See the full list of places you must wear a face mask or covering on the Scottish Government website.

People under five and those with certain medical conditions are exempt from wearing face coverings. Find out more on the Scottish Government website.

For those who are exempt, you don't need to provide any proof of this but if it would make you feel safer or more comfortable in public then you can request an exemption card by filling out an online form or calling 0800 121 6240.

If necessary, the police can issue fines of £60 (halving to £30 if paid within 28 days) if you don't comply with this law without a reasonable excuse; such as being exempt due to a health concern or communicating with someone hard of hearing, who lip-reads.

More regulations that extend the wearing of face coverings are being written up. These will focus on indoor communal settings including, for example, staff canteens and corridors in workplaces.

Meeting people indoors

Your house or someone else's

You aren't currently allowed to meet other people indoors, unless it is for essential work, to join your extended household or to provide care and support for a vulnerable person. 

You can read the rules in detail on the Scottish Government website. 

In a public indoor space

You currently cannot meet other people in public indoor spaces.

From April 26th, you will be able to meet in groups of a maximum of 6 people from 2 households indoors at public venues such as pubs, bars and restaurants, while maintaining social distancing. The sale of alcohol will not permitted and indoors spaces must close at 20:00.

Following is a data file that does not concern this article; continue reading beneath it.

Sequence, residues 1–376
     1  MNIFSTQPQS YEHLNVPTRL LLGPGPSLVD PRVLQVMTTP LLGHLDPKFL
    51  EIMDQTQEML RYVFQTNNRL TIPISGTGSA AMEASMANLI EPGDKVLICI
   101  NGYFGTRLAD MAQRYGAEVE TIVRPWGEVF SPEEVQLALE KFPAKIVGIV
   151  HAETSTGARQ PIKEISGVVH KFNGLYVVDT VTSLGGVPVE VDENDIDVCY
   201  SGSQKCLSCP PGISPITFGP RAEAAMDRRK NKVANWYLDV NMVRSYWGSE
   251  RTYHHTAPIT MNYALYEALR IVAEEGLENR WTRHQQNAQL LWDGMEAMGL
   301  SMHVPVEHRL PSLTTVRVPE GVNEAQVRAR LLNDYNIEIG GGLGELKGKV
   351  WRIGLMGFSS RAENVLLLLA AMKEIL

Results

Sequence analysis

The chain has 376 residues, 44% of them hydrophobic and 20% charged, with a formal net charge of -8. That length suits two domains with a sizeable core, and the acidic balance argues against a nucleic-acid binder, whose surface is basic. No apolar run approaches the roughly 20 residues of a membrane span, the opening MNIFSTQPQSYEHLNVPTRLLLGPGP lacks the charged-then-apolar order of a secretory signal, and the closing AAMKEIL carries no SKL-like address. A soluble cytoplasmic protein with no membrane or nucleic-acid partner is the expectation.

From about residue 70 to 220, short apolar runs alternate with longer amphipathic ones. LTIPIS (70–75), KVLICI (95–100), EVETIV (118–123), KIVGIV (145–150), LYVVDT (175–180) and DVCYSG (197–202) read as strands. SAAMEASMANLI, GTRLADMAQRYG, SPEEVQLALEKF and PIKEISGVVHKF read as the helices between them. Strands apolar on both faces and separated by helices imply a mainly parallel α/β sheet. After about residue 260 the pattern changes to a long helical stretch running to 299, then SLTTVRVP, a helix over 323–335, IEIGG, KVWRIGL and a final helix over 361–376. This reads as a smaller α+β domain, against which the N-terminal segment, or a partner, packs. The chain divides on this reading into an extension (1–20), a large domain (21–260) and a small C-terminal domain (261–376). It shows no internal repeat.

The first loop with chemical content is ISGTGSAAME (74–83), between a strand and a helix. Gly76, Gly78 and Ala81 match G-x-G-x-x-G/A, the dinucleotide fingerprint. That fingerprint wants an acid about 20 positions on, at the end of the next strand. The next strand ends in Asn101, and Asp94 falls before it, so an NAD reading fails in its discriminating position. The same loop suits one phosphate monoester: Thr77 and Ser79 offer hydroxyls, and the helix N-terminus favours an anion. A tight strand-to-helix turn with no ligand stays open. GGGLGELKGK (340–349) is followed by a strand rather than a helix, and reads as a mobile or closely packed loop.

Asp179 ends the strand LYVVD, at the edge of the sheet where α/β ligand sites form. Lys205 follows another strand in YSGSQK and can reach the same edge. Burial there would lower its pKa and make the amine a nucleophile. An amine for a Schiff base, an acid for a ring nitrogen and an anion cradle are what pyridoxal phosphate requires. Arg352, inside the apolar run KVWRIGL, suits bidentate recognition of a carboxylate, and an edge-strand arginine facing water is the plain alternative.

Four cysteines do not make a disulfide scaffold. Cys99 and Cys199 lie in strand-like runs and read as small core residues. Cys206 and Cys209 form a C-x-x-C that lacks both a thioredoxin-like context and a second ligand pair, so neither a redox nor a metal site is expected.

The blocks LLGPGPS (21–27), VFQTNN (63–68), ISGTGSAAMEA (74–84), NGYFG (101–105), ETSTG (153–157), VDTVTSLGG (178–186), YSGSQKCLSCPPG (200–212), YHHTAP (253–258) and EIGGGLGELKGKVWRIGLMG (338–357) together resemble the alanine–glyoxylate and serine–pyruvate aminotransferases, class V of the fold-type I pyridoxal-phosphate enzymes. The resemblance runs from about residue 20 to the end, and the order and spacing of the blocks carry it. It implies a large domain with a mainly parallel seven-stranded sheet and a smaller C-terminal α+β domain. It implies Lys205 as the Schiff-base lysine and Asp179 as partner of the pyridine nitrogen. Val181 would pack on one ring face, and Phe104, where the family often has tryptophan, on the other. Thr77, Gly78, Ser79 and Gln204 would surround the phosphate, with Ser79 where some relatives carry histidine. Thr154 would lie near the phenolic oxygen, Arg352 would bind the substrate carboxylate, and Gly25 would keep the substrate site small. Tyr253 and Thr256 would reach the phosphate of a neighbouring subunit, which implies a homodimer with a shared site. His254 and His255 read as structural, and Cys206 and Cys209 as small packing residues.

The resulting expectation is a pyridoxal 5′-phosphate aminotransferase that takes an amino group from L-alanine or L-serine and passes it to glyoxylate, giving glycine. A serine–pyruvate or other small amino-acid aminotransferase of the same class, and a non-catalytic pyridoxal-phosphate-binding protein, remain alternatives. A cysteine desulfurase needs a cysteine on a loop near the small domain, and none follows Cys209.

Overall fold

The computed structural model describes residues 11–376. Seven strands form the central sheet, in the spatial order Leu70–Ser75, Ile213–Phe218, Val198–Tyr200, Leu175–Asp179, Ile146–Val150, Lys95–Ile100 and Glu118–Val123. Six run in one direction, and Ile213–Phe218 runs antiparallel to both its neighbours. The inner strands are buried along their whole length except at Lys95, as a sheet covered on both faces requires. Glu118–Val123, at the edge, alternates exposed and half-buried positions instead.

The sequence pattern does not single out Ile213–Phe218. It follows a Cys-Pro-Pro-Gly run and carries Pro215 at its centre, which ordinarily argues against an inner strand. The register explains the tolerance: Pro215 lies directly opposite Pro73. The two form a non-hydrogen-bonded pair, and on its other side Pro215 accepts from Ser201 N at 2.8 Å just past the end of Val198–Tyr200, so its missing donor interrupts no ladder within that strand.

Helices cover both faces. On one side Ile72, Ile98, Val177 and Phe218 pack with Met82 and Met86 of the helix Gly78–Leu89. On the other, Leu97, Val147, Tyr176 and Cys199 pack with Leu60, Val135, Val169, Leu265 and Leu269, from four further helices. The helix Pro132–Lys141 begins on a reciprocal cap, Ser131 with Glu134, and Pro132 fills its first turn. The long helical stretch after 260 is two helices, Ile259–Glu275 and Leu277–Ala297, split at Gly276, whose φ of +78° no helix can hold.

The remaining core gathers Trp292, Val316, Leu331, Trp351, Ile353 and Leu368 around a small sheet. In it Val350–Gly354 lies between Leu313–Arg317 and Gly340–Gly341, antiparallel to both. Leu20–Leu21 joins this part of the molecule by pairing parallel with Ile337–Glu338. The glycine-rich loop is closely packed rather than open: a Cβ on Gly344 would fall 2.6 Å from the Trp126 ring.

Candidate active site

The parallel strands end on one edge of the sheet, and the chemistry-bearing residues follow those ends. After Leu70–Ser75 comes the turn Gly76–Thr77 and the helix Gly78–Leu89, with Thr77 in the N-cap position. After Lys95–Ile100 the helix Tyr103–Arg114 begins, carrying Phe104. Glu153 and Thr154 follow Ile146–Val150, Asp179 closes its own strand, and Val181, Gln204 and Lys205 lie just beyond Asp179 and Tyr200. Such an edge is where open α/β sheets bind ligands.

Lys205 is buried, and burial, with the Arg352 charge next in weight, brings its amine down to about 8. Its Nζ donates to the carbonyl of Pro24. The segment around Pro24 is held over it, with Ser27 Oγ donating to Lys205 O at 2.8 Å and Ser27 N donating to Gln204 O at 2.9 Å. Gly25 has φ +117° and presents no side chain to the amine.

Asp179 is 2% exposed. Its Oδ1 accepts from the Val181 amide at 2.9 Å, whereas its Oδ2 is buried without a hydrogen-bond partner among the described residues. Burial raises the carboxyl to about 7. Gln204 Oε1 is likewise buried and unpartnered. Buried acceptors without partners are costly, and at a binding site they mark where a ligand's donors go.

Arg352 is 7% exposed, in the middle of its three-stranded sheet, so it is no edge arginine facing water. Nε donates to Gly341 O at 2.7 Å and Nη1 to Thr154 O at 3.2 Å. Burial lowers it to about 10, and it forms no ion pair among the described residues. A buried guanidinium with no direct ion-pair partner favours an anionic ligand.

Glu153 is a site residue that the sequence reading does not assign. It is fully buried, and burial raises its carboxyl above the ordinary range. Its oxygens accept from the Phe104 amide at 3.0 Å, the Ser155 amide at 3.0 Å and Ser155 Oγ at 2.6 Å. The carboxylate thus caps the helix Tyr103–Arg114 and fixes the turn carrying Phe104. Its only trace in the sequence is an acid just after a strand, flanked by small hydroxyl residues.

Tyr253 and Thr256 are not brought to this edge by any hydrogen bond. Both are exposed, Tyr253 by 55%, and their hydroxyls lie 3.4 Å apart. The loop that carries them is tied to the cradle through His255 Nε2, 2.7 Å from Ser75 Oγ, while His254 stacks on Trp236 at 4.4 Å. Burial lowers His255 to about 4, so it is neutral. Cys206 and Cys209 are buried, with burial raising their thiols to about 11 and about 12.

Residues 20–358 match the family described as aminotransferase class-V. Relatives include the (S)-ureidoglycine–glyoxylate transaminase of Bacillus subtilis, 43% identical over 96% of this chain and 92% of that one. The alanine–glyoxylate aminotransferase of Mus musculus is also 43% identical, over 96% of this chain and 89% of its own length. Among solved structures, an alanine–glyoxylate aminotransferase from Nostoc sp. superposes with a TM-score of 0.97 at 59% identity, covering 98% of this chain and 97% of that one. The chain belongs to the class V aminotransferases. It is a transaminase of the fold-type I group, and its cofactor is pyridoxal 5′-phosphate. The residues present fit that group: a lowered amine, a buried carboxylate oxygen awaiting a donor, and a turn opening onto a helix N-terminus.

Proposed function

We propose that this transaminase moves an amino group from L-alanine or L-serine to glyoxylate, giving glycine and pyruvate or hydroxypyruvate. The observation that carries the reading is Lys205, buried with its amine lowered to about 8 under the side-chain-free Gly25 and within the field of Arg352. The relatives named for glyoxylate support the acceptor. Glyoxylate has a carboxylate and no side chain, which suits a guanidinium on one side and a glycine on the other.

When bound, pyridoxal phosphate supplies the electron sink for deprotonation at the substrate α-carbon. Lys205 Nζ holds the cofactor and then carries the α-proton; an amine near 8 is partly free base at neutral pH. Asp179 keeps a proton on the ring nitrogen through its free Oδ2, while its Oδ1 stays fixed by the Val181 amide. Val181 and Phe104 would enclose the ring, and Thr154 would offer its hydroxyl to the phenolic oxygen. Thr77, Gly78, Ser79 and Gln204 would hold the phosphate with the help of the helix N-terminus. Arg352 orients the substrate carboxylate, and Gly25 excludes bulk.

Meeting people outdoors

Currently, six people, from a maximum of up to six separate households can meet outdoors throughout all local authorities in Scotland. Young people under the age of 12 don't count towards this limit. This includes outdoor public spaces and private gardens.

Travel within Scotland is also allowed for recreation, exercise and wellbeing purposes. It is not permitted to stay in another local council area overnight.

Outdoor non-contact sports and club activities can also resume, in groups of up to 15 people.

It is against the law to consume alcohol in any outdoors public place within any Level 4 area which is currently the whole of mainland Scotland.

Find out more about the Levels Framework and what level your area is in our article.

Using public transport & travelling

Travel between Local Authorities in Scotland is allowed for recreation, exercise and wellbeing. The ban on travel between Scotland and other parts of the UK will remain in place for now.

The rules at each level for travelling are:

Enhanced Level 4 & Level 3

  • Travel within Scotland is allowed for recreation, exercise and wellbeing purposes.
  • Avoid car sharing with people outside of extended household if possible.
  • Do not use public transport except for essential purposes.
  • Wear a face covering on public transport unless exempt.
  • International quarantine rules apply.

Level 2, 1 & 0

  • No non-essential travel to or from areas of Scotland that are in Level 3 or higher.
  • Avoid car sharing with people outside of extended household if possible.
  • Wear a face covering on public transport unless exempt.
  • International quarantine rules apply.

When using public transport including buses, trains and trams, as well as taxis and private hires, you should wear a face-covering unless exempt.

You should also wear a face covering, unless exempt, and practice physical distancing at train stations and bus stations.

You need to wear a face-covering on planes and at airports (unless exempt) with physical distancing.

If you're arriving in Scotland from abroad, you will need to self-isolate for 10 days upon arrival. You will also need to test negative for COVID-19 no more than 72 hours before your arrival.